Life as art and art as life in Mount Fuji

This weekend, I’m in the countryside, living a Travelife in a beautiful villa surrounded by mountains and valleys. You can’t hear much else except for the chirping of crickets, which is very soothing.

I was reminded of my house at the foothills of Mount Fuji — and the fact that I haven’t been there in a very long time, since I’ve been so busy on a never-endingly eventful Travelife.

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However, on one of my last visits to this house, I took a couple of friends from Manila to stay with me for a long weekend.

Weather-wise it was a rather crazy weekend.

Friday night it was cold enough to actually get some of the winter clothes out. Then all-day Saturday, I had the infrared heating on as it was raining and the temperature hovered around 7 degrees.

And then on Sunday, it was a very warm 26 degrees as I drove out of the Fuji lake area back towards Tokyo, in preparation for my return back to Manila.

Talk about extreme weather in a matter of hours — but then, again, nothing too extraordinary for my never-endingly eventful Travelife, whether it’s the weather or other things.


A visit to my house in Mount Fuji always gets me thinking about art.

Maybe this is because my main library is here, and it’s filled with years of collecting art books as well as 20 years of Architectural Digest back issues.

My two vices when shopping abroad are bringing back rare coffeetable books and interesting foodstuffs — and most of my coffeetable books are in my Mount Fuji home.

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The surroundings are pretty picture-perfect too, in terms of nature.

Nothing fancy, mind you.

But then, you don’t really need fancy where nature is concerned.

Manila friends who’ve been here liken this general area to some beautiful forest areas outside San Francisco where some Filipinos have second homes.

Anyway, it was pretty rainy that weekend, so we stayed in for the most part.

I made a pretty nice paella and assorted tapas for lunch one day, and then we spent the rest of the afternoon watching DVDs.


I have a really eclectic selection of DVDs here to satisfy practically anyone’s tastes and the shortlist that came up after everyone had had a look included:

1) All About My Mother, a Spanish movie directed by the legendary Pedro Almodovar
2) The Shooting Party, a period film from the UK about the life of the aristocracy in England just before the First World War
3) The latest season of Curb Your Enthusiasm by Larry David
4) Gosford Park, an excellent American film about a murder during a house party at a grand house in the UK in the 1930s (my personal favorite)
5) Both seasons of the BBC sitcom Extras (my second choice)
6) The Diary of Bridget Jones


I’m sure you will agree that these alone represent a very eclectic selection from my DVD library, although there’s a lot of UK stuff because I tend to buy most of my DVDs when I’m in London, since there’s such a good selection there.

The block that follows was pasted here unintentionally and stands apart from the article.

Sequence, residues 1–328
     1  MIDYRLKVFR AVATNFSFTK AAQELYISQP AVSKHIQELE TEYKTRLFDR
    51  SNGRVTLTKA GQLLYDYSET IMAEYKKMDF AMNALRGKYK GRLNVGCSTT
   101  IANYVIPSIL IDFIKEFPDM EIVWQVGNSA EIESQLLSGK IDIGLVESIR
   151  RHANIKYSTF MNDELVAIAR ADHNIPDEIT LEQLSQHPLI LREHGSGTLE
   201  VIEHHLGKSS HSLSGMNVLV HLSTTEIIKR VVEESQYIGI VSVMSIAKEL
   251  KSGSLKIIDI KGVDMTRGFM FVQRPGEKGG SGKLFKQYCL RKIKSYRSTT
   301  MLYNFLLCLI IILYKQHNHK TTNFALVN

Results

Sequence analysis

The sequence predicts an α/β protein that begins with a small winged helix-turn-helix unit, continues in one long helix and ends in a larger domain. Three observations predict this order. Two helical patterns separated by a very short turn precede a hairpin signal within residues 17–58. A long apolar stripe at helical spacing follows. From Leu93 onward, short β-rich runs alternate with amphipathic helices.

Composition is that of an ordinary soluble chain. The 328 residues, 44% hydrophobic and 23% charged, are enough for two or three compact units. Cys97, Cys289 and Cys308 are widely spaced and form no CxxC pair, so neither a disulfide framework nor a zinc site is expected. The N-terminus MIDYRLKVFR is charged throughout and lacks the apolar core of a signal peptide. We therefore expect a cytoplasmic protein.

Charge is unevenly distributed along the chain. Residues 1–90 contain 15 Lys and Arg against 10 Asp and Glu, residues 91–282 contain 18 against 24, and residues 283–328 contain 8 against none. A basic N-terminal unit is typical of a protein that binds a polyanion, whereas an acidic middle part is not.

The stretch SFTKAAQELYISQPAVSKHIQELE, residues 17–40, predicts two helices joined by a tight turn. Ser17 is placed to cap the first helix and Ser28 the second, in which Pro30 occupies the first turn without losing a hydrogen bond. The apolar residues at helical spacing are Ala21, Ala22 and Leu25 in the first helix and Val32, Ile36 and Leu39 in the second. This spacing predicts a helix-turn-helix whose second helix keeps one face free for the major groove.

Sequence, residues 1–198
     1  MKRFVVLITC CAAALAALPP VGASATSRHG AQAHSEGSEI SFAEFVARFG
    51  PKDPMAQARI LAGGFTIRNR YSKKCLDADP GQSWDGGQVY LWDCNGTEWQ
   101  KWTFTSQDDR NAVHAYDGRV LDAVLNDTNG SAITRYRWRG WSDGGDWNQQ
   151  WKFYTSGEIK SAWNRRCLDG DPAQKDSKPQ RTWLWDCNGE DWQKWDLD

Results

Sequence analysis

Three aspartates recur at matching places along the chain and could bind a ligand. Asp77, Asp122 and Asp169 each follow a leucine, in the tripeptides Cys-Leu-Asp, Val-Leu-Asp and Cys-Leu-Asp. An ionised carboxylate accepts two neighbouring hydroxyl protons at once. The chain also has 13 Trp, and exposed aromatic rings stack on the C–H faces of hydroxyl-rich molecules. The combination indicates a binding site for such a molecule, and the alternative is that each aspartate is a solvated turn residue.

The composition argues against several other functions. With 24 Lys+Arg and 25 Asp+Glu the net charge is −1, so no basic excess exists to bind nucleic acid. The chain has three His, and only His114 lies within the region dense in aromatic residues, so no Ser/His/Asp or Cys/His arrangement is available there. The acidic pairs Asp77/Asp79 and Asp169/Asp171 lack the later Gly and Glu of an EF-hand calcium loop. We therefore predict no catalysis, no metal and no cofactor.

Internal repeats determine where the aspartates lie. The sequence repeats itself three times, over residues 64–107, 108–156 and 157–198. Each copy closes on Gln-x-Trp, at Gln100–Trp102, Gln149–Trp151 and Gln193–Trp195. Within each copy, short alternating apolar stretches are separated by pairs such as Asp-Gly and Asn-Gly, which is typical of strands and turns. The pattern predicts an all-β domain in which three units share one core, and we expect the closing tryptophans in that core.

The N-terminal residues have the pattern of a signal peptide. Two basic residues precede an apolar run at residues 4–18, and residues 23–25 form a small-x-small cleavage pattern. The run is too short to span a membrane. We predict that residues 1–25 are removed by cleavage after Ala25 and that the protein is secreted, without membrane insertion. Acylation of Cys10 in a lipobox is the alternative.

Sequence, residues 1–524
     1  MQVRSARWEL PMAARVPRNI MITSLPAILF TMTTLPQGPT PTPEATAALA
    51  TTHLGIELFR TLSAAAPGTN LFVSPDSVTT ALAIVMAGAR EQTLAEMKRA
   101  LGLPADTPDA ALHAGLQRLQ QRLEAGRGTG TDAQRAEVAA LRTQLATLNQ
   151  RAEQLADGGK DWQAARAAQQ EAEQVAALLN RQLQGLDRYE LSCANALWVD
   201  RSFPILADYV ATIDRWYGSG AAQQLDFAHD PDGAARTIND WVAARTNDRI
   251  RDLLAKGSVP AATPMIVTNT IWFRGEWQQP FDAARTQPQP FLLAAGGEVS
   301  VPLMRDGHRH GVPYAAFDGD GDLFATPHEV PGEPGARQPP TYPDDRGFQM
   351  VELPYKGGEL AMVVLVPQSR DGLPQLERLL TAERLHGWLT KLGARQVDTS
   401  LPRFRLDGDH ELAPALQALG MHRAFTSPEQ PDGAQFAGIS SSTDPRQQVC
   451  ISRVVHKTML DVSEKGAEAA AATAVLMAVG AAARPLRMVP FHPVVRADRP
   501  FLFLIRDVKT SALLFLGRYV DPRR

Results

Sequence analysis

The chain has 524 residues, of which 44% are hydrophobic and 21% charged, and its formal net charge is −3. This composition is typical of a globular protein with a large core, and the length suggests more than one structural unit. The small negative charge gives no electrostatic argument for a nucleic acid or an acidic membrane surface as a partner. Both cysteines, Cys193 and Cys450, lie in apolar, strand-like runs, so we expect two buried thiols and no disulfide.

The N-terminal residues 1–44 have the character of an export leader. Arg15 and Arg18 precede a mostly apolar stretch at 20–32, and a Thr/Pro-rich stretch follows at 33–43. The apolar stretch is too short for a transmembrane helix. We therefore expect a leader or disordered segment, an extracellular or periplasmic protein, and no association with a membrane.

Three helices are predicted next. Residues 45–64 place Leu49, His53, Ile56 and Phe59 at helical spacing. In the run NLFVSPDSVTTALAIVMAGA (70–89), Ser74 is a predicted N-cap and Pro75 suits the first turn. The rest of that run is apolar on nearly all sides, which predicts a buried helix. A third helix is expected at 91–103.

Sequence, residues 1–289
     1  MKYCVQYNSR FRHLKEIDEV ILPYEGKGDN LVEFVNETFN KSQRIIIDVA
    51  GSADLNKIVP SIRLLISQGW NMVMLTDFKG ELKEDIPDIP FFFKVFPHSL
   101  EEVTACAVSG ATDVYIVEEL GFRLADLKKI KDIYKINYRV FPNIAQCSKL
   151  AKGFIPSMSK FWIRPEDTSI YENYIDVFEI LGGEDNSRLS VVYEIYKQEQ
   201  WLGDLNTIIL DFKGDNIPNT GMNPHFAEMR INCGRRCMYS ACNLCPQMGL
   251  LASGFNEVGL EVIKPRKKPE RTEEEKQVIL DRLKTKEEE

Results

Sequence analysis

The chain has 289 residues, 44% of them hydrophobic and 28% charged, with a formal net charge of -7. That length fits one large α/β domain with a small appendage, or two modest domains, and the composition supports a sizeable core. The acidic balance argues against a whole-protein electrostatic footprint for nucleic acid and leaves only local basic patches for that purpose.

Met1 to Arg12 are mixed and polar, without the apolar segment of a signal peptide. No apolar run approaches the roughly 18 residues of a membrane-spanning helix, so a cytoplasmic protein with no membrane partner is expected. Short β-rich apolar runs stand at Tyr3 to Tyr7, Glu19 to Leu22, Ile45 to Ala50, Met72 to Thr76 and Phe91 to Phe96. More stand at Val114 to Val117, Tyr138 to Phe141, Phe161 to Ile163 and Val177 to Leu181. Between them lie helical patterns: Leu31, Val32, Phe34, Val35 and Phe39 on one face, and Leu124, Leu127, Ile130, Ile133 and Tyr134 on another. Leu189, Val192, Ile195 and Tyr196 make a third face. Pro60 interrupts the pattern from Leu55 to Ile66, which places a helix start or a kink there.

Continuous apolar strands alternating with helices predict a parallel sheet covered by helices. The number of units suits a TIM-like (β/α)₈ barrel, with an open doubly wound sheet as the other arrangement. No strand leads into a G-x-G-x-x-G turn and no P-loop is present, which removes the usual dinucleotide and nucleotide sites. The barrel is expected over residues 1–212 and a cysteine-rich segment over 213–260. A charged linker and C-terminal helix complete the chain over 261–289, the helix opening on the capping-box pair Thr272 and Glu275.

Anyway, we took a vote as to what we should watch — I would have chosen Gosford Park or Extras — and Bridget Jones won.

It was actually a very good choice for a laugh on a rainy Saturday morning in Mount Fuji.

When the rains cleared a bit, some people took a walk outside towards the lake or the golf course.

Meanwhile, as I hadn’t been up to my Fuji house for a while, I decided I just wanted to relax inside.

I took a bunch of old issues of Architectural Digest and curled up in my living room, enjoying the visual treat of looking at beautiful houses that were also beautifully photographed.

I’ve been thinking of doing some minor renovations on my Manila home for a couple of weeks now, and looking through Architectural Digest back issues just gave me lots of inspiration.


One of the most enjoyable articles was a series of interviews with the famous international art collector and dealer Eugene Thaw, who is based in New York and who made a very significant donation to The Morgan Library & Museum.

I’d loved reading his feisty Q&A interviews when they first came out in Architectural Digest — he certainly minced no words and names, and he had very strong opinions about art, artists and art collectors.

He’s very much against fashionable trends in art and people following the herd, and also against people who create art that can’t co-exist harmoniously with life.

He spoke out very courageously against some very popular international artists who create shocking installations that make many people uncomfortable and then sell these for a fortune.

Anyway, this made me feel like visiting a couple of galleries in Manila this week, and looking at some beautiful paintings.
This also made me think about a lot of things only indirectly related to art.

For one thing, it reinforced my desire to live with art — to surround myself with what is aesthetically pleasing — and to live life as art.

What exactly does it mean to live life as an art?

The brilliant but tragically maligned author and poet Oscar Wilde once said that life is your art; you set yourself to music and your days are your sonnets.

I guess he meant that you create the life you want to live, and that inevitably becomes reality. Your life begins as a blank canvas or composition sheet and you are your own artist.

Thinking about this now, while writing this blog amidst surroundings so similar to my beloved Mount Fuji, we wish everyone a wonderful lifetime of truly amazing travels.